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Vitamin D Deficiency Symptoms

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According to MICHAEL F. HOLICK, MD, PhD, arguably the world’s leading authority on vitamin D, about 50% of the population in Canada and the US are getting get too little vitamin D. This is true even in sunny climates, because of lack of sun exposure.

Vitamin D regulates calcium and phosphorus levels and promotes absorption of these minerals for growth of bones and teeth. It is also involved in insulin secretion, supports immune function and regulates blood pressure. It is used to prevent and treat osteoporosis, psoriasis, autoimmune disease, and to reduce the risk of cancer.

Vitamin D can be produced in the skin upon exposure to sunlight or must be obtained from the diet.  Vitamin d deficiency symptoms occur with inadequate dietary intake, limited sun exposure, kidney or liver disease, and alcoholism. Elderly, dark-skinned, obese people, or those with inflammatory bowel disease and fat-malabsorption syndromes (celiac disease and cystic fibrosis) are also at greater risk. Ten to fifteen minutes of sun exposure at least two times per week to the face, arms, hands, or back without sunscreen is usually sufficient to provide adequate vitamin D.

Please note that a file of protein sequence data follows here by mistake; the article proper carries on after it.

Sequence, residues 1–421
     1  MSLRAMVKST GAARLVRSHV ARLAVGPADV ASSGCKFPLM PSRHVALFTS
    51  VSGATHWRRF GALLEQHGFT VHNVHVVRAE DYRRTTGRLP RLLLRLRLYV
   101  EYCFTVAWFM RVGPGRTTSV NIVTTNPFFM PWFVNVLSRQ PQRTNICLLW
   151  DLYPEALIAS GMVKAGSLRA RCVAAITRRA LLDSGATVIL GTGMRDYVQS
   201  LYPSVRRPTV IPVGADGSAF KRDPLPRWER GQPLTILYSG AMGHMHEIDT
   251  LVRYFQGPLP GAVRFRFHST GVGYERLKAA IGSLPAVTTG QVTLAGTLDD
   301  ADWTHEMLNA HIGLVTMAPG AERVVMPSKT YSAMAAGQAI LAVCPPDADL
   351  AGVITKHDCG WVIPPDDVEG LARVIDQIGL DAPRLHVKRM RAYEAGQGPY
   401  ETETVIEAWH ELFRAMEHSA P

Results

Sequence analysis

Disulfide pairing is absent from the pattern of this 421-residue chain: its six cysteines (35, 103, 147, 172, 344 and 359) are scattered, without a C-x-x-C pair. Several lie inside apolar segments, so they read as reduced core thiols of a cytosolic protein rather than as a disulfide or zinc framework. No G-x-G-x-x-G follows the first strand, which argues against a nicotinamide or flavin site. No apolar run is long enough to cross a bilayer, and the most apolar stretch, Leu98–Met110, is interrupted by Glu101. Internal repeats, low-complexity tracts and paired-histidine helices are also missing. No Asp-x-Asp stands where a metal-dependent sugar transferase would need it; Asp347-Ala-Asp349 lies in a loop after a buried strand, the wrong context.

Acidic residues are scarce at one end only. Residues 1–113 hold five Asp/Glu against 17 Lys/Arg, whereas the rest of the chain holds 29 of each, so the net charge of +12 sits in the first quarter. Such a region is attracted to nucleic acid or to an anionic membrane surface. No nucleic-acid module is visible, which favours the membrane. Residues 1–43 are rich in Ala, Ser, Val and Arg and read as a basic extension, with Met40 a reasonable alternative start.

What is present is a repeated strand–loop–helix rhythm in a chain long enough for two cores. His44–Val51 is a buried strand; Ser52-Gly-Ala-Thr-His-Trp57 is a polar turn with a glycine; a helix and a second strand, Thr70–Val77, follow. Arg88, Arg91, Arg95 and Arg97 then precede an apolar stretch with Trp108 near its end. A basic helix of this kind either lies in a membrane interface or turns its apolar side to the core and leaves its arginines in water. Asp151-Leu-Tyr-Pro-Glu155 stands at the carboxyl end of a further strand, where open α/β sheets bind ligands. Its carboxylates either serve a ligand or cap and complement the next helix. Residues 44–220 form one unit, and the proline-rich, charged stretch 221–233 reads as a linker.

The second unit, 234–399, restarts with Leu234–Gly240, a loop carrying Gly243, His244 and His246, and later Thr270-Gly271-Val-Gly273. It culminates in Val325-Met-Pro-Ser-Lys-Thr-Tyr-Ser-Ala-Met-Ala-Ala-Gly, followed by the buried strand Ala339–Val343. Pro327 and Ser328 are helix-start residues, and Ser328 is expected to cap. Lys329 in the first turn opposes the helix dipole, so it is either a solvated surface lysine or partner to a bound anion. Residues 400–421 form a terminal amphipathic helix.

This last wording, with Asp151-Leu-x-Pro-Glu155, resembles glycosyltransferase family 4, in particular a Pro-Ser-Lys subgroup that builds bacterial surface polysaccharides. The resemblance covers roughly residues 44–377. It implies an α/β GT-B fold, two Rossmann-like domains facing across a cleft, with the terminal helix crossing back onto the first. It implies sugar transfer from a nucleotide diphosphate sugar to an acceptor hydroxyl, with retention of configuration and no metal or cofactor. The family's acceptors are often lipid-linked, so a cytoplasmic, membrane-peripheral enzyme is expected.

Vitamin d deficiency symptoms include: rickets (weak, deformed bones) in children, osteomalacia (soft bones) and osteoporosis in adults, dental problems, muscle weakness, and tooth decay.

Drugs that deplete vitamin D include: carbamazepine, phenytoin, phenobarbital, cimetidine, ranitidine, cholestyramine, colestipol, orlistat, and mineral oil.

Since vitamin D is found in few foods and at low amounts, a supplement is recommended for most people. Most multivitamins provide 400 IU (10 mcg), however the Canadian Cancer Society recommends a daily intake of 1,000 IU for adults in the fall and winter. The Canadian recommendation reflects the fact that there is reduced sun exposure in northern latitudes. The recommendation is for 1,000 IU intake year-round for people who are older, have dark skin, don’t go outside often, or wear clothing that covers most of their skin. Also,people with limited sun exposure, osteoporosis, multiple sclerosis, psoriasis, and those over age 65 should consider additional vitamin D.

Food sources of vitamin D include:  Fatty fish (mackerel, salmon, sardines), fish liver oils, eggs from hens fed vitamin D, and milk.

Lisa Fielding
For the past 25 years, Lisa has enjoyed various roles within the marketing and advertising industry, including at femMED. A busy mom with 2 young children, 2 dogs and a cat named George, Lisa, like all working moms, strives to find the right balance between all things work and play. A firm believer in taking charge of your own destiny, Lisa is passionate about women’s health and encourages women to become their own health advocates.

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